As part of my professional continuing education, I took a seminar yesterday that detailed ways in which foods can be used to help address various medical and psychological conditions. A huge section of the seminar revolved around reducing low-grade chronic inflammation in the body, and the instructor was quick to point out that he would be hard pressed to find a situation of chronic pain or a case of chronic illness in which inflammation was not an underlying issue/factor.
I have dabbled in keeping an anti-inflammatory diet, but I am ready to try and get more serious about it. For several reasons I believe chronic inflammation is a huge factor in what I am experiencing. The way my SIJD pain has responded and not responded to certain medications seems to indicate that inflammation is a big factor. In addition, I believe there is some underlying, undiagnosed illness lurking below the surface of all this, and the likeliest category of that illness based on blood tests would be an autoimmune condition. For any autoimmune disease, inflammation is a sure factor. While addressing the inflammation will likely not take care of any underlying causes, I am hoping that it will give me some pain relief, which may help me increase my exercise program, which will hopefully lead to stronger muscles and a more stabilized pelvis. One can hope!
When it comes to addressing widespread, chronic inflammation in the body, the key is adding certain foods that halt the mechanisms that perpetuate the inflammatory response. For this reason, an anti-inflammatory diet is much different than many other diets that seem to focus mostly on what foods are necessary to take out. While this is an important component of this diet, almost more important is committing to eating specific foods on a daily basis that literally halt the body’s inflammatory response processes.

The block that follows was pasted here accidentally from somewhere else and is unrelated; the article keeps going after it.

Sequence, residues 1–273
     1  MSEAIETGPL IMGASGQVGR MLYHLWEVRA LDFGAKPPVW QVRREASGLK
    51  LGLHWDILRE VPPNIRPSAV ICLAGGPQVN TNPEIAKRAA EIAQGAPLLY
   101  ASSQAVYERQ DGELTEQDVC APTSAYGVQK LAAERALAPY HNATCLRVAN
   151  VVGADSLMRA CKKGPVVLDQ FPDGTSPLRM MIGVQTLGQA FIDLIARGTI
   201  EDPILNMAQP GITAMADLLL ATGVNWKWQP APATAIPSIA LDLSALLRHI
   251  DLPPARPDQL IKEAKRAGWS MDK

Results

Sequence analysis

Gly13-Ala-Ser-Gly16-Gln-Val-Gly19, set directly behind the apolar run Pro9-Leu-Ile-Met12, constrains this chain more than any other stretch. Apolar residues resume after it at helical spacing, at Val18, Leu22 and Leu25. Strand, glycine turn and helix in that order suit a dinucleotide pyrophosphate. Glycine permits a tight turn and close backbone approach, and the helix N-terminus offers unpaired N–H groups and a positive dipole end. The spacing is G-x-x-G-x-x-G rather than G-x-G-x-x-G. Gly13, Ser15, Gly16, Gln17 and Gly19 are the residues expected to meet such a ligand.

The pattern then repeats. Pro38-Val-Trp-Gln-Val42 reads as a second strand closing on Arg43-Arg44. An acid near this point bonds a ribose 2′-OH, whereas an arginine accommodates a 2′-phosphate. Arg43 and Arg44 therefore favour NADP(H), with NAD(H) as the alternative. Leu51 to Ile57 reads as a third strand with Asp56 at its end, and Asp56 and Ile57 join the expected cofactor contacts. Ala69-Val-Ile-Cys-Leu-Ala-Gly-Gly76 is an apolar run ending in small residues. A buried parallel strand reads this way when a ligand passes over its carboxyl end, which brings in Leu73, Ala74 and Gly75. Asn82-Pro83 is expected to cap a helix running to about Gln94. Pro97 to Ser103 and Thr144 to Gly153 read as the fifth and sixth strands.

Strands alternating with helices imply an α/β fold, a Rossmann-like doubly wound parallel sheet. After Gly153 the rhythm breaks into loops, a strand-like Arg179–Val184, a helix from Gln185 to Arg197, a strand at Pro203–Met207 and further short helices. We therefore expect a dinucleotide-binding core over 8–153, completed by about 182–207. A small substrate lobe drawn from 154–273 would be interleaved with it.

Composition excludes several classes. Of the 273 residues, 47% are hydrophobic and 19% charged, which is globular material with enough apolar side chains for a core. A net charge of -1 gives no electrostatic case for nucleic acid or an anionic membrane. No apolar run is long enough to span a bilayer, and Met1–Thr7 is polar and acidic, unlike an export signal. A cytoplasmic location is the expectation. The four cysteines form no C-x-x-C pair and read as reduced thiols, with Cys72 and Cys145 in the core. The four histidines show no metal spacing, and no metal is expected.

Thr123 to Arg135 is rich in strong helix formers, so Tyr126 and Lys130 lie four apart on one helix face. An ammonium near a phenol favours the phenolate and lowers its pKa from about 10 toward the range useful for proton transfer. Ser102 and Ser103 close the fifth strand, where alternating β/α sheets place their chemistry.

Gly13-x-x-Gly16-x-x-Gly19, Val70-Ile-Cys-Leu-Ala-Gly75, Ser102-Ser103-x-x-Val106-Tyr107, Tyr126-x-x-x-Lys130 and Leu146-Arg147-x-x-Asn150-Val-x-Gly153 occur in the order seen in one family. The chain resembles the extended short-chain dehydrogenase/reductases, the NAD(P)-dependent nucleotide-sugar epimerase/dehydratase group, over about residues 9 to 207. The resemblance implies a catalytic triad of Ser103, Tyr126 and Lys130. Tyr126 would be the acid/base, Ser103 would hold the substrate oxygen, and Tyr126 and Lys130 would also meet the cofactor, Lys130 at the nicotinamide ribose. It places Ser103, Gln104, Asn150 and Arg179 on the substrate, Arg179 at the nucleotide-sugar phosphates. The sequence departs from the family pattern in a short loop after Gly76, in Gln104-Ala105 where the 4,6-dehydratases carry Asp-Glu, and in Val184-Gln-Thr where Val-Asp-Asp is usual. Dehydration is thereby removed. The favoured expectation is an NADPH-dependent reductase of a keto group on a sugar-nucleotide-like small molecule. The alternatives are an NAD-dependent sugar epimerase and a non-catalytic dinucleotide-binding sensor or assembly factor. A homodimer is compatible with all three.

Commit to Adding These Foods to your Diet
- Fish oil and/or fish: These contain Omega-3 fatty acids, important compounds that stop the body’s inflammatory response. It is important to have a healthy 1:1 ratio of Omega 3 fatty acids (good for you) to Omega 6 fatty acids (not good for you), but the average American is closer to a 1:16 ratio. The more ideal 1:1 ratio can be achieved by adding fish and other sources of Omega-3s to your diet, and taking out vegetable oils and other harmful fats (to be discussed later).
When choosing a fish oil, it is important to look at the actual ingredients, specifically the ratio of EPA:DHA. EPA is the more important ingredient in fish oil, and you should look for a bottle that has a ratio of 4:1 or higher of EPA to DHA.
The list below is helpful because it tells you what types of fish to seek out and what types to avoid based on levels of Omega-6 to Omega-3 ratios.
If you are a vegetarian, you can also find omega-3s in seaweed. I have not researched this enough to know what kinds are best.
- Tumeric – This is a well-known anti-inflammatory spice. I have tried to add tumeric to my daily diet in the past in the form of a turmeric/honey/ginger syrup I created on the stove. However, I soon realized that it was causing me gastrointestinal distress, so I stopped that experiment. I plan to try again and add it to my diet in different ways and at a smaller dose. The recommended dose is 2-8g/day. One important note: tumeric is better absorbed into the body when consumed with black pepper and/or a healthy fat.
- Cocoa – Although I have always known that cocoa is good for you, I did not realize the extent of its benefits and anti-inflammatory properties. Cocoa when not combined with exorbitant amounts of sugar and dairy is incredibly good for you. The instructor recommended 70% cocoa or higher and used a form of powdered cocoa in a daily shake. The recommended dose is 10g/day.
- Green tea – No surprise here. The recommended dose is 3-4 cups per day. I think trying to get that amount is going to be a hard one for me.
- Other Polyphenols – What Tumeric, Cocoa, and Green tea all have in common is that they are considered polyphenols. Understood in a simplistic way, polyphenols are simply compounds found in fruits, vegetables, and certain other foods that address inflammation in the body. This website has a great list of foods that are high in polyphenols.
Fruits – Apples, Kiwi, Mango, Oranges, Berries, Strawberries, Grapes,
Vegetables – Garlic, Onions, Leeks, Corn Broccoli, Cherry Tomatoes, Red Cabbage, Sweet Potato, Raw Spinach
Nuts – Almonds, Cashews, Peanuts, Walnuts
Commit to Eating These Foods in Moderation